The British Educational Communications and Technology Agency (Becta) has published guidance for schools on how to implement biometrics in line with data protection laws. The guidance (pdf), published on 23 July by the government's schools ICT agency, advises schools to involve parents in any decision to introduce biometric or …
Interesting opinion from the Information Commissioner
"Biometric systems, says the guidance, are designed to validate a pupil's identity and should not hold any other data." "Under the Data Protection Act 1998, schools can only use biometric information for the express purpose for which it was collected."
So how come our spineless Information Commissioner was not around to tell the government these little nuggets about the ID card system?
"But we are absolutely clear that they have to comply with data protection laws. <snip> and it must be destroyed when a pupil leaves their school."
Ha Ha Ha, like DNA samples the Police have taken to 'eliminate people from enquiries' are destroyed? Or maybe in the way that people arrested unlawfully are removed quickly and efficienctly from the PNC? Maybe it will be like the way that the congestion charging cameras, digital speed cameras that take a picture of every vehicle passing and Automatic Number Plate Recognition systems are only being used for their intended purpose and the data not held indefinitely as part of an illegal surveillance system.
I really can't see Ian 'jackboots' Blair resisting the temptation to get his sticky fingers on all this biometric data. Just think of all those 'potential criminals' he could get the jump on, all he needs is some excuse to use the data once and then just not delete it....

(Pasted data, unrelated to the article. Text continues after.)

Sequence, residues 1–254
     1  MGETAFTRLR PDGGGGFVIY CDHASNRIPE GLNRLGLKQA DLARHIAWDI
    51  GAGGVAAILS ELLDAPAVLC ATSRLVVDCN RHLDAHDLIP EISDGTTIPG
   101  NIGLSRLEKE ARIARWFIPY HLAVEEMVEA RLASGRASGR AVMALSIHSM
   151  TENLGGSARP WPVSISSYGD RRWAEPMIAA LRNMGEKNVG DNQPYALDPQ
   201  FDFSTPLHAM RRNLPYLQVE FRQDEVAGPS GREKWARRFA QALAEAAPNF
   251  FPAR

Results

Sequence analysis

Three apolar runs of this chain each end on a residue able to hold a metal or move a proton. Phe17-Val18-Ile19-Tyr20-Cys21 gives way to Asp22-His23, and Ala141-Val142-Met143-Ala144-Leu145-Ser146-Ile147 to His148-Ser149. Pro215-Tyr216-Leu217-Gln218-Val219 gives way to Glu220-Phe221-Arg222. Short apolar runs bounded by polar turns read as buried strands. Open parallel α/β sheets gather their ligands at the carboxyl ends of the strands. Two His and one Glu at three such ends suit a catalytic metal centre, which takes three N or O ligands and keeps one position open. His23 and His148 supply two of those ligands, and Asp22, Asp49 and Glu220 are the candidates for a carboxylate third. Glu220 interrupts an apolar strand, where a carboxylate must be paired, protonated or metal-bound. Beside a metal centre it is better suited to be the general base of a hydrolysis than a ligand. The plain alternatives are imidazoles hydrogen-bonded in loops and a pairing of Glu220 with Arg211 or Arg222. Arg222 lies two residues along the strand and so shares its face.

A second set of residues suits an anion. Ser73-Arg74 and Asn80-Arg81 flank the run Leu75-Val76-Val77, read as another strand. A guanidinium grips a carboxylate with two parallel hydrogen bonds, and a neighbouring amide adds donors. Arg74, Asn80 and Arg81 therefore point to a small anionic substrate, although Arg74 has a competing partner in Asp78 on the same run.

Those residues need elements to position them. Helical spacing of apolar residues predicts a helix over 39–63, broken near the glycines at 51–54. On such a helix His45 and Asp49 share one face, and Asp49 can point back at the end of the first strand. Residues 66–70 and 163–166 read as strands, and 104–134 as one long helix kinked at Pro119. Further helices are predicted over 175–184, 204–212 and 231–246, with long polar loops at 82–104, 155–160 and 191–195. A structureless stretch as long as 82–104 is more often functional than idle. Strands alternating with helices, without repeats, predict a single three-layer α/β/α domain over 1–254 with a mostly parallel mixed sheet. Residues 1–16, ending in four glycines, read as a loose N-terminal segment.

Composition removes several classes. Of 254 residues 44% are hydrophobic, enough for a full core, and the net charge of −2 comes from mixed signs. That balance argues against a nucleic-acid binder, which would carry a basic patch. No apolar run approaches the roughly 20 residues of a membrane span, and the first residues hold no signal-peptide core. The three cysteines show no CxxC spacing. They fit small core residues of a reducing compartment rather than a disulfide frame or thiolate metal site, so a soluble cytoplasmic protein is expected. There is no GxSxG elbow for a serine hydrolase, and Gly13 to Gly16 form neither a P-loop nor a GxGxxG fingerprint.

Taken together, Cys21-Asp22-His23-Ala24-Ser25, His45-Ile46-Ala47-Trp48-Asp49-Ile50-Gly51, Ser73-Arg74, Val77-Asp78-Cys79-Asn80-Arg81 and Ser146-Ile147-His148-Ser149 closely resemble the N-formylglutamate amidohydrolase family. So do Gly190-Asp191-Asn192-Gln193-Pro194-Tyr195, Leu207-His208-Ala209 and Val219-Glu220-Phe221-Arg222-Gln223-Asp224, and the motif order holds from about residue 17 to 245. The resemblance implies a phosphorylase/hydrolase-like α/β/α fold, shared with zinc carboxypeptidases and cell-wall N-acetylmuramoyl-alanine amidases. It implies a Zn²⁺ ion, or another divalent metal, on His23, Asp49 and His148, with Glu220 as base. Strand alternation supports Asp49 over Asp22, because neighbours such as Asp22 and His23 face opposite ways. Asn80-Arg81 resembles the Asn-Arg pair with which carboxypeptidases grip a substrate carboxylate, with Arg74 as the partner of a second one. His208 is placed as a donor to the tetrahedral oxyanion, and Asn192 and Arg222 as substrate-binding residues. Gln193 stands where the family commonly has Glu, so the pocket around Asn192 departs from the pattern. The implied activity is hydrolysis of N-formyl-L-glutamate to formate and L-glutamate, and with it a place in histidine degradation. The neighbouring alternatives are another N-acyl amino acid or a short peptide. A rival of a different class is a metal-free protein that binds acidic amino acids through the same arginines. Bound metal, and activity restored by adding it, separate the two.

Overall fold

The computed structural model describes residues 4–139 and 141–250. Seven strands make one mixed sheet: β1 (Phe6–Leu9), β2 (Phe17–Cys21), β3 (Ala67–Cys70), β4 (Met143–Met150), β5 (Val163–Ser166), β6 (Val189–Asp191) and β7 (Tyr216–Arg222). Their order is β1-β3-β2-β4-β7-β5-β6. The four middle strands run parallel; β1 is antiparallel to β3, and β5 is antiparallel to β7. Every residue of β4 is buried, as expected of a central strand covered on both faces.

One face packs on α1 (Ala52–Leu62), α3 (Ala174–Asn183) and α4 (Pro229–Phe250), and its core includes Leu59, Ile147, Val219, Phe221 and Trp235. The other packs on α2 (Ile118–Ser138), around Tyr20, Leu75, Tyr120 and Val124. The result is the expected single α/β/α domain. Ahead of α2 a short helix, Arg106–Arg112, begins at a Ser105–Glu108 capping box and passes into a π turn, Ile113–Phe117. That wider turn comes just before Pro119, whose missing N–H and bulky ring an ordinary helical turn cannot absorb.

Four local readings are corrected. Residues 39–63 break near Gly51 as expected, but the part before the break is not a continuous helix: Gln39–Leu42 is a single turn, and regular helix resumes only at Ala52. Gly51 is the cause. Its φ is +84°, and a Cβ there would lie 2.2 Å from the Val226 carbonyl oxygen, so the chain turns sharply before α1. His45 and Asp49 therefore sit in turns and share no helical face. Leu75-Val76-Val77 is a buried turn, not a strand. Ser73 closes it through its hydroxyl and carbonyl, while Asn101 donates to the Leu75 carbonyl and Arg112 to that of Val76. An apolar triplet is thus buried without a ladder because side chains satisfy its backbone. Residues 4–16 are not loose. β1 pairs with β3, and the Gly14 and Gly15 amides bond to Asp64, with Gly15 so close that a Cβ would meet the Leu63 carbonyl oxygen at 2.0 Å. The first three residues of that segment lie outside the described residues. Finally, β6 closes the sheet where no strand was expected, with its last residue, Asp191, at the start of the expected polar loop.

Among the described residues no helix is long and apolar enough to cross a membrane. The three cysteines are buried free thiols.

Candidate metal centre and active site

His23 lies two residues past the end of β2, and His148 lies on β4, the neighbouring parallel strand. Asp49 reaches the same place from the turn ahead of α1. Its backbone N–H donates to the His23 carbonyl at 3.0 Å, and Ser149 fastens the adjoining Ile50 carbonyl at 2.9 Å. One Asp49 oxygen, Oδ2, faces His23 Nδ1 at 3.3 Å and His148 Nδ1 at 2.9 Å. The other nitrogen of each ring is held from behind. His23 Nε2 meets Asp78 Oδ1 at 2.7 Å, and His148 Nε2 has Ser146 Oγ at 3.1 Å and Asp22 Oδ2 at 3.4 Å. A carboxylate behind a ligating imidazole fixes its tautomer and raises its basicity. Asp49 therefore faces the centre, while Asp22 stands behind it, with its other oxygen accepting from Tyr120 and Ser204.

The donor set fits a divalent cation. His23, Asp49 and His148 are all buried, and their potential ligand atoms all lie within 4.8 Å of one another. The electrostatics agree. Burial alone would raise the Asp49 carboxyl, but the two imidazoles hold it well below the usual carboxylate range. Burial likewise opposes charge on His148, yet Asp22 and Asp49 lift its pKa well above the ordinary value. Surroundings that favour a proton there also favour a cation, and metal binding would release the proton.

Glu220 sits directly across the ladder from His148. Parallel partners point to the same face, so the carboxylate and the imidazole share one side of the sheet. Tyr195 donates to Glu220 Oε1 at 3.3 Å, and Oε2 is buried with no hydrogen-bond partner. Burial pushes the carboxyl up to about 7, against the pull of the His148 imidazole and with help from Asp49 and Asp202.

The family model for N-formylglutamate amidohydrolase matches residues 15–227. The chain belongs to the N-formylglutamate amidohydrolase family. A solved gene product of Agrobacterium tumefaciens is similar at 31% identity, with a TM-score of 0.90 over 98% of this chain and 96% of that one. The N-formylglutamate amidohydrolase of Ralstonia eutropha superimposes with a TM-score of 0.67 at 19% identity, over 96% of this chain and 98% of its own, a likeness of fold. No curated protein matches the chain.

Horse for course
I would hope that only "biometrics" (key parameters) of the (e.g.) fingerprints would be held, and not images of the prints themselves; also, protected with a site-specific key.
This would render them of little use to a third party.
I would also not expect the system employed to be configured to allow "trawling" if its express purpose is authentication - "is this person allowed in this area ?"
But then again the Govt. doesn't "need to know" where we have been driving in order to charge for road use, but the proposed schemes all involve recording our movements.
take the little bu88ers down to the local vets and have them 'chipped'. that'll identify them.
Have them fitted with anti-bark collars at the same time, give me a little peace while I write to the papers.
If you want to see what the technology that the schools are using is like, buy a £10 finger print recognition usb device. The information is 1 way and it doesnt store pictures of the fingerprints.
CJ (ex-school Network Manager)
What is the point?
Cube stole some of my thunder here, but, as stated do we really belive that this data won't be used for any other use?
And also the amount of money that these systems will cost would be huge. Knowing government tenders (NHS system anyone?), this will be a disaster. Plus, the only uses they've stated is to:
speed up lunch queues - how exactly? Knowing how effective biometrics have been so far, imagine how many '404 - fingerprint not found' msgs kids will get. Plus how is a kid going to get his lunch if the computer decides its not him?
remove the stigma of school meals - I didnt remember anyone giving a crap about that in school, and surely an effective anti-bullying policy would deal with the matter more effectivly than a large IT project (and cheaper).
speed up register taking - how long does it take to read out a list of names?
prevent access - give me a break! If people want to get in they will. Grab a first year, march him to a door and grab his finger, end of.
Basically some people have attended some seminars saw lots of flashing lights and thought:" that would be so cool". Plus who is going to pay for it, the schools themselves, or will it come from the education budget (all 10p) as a whole? This is such a bad idea i dont know where to begin.
One way and doesn't store fingerprints. What does it do with them? Presumably checks whether they match something - which is a fingerprint or some good hash of a fingerprint. That has to be created at some point and stored, or there isn't anything to check against when your one way doesn't store £10 usb fingerprint recognition scans a finger.
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